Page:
B. Rooker--Feldman Abstention

The Rooker--Feldman abstention doctrine bars lower federal courts from exercising subject-matter jurisdiction over a case that is the functional equivalent of an appeal from a state court judgment. Rooker v. Fidelity Trust Co., 263 U.S. 413 (1923); District of Columbia Ct. of Appeals v. Feldman, 460 U.S. 462 (1983); FOCUS v. Allegheny County Ct. of Common Pleas, 75 F.3d 834, 840 (3d Cir.1996); see also Exxon Mobil Corp. v. Saudi Basic Industries Corp., 544 U.S. 280, 291--92 (2005) (explaining that 28 U.S.C. § 1257 vests authority to review a state court's judgment solely in the Supreme Court). The Rooker--Feldman doctrine is to be interpreted narrowly and excludes only those matters that would require review of a state court judgment. See Lance v. Dennis, 546 U.S. 459, 464 (2006) (explaining that Rooker--Feldman is "a narrow doctrine," confined to "cases brought by state-court losers complaining of injuries caused by state-court judgments rendered before the district court proceedings commenced and inviting district court review and rejection of those judgments.").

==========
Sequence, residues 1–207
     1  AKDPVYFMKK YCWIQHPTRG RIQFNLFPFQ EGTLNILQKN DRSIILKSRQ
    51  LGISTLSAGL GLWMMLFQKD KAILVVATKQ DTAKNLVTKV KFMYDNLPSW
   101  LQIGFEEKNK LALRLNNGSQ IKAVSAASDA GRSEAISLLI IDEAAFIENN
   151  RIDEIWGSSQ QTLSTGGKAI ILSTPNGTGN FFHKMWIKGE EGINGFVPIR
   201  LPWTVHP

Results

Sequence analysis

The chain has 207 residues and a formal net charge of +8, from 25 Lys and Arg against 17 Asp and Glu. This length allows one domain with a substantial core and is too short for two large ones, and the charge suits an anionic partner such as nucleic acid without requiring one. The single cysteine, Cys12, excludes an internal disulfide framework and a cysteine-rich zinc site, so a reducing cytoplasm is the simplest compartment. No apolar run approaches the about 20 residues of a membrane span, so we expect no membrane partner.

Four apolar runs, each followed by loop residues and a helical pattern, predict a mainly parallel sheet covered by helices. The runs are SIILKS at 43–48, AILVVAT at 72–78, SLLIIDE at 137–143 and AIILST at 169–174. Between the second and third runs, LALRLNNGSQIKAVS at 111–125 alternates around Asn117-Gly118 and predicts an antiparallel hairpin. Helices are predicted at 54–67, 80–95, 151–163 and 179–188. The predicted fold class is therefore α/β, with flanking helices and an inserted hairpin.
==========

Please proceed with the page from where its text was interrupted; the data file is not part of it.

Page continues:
"[T]here are four requirements that must be met for the Rooker--Feldman doctrine to require abstention: (1) the federal plaintiff lost in state court; (2) the plaintiff complains of injuries caused by the state-court judgments; (3) those judgments were rendered before the federal suit was filed; and (4) the plaintiff is inviting the district court to review and reject the state judgments." Manu v. National City Bank of Indiana, 2012 WL 928158 (3d Cir. March 20, 2012) (citing Great Western Mining & Mineral Co. v. Fox Rothschild LLP, 615 F.3d 159, 166 (3d Cir. 2010)). The Manu Court further explained that despite numerous references in the case law, the phrase "inextricably intertwined" does not create an additional test or expand the scope of the doctrine.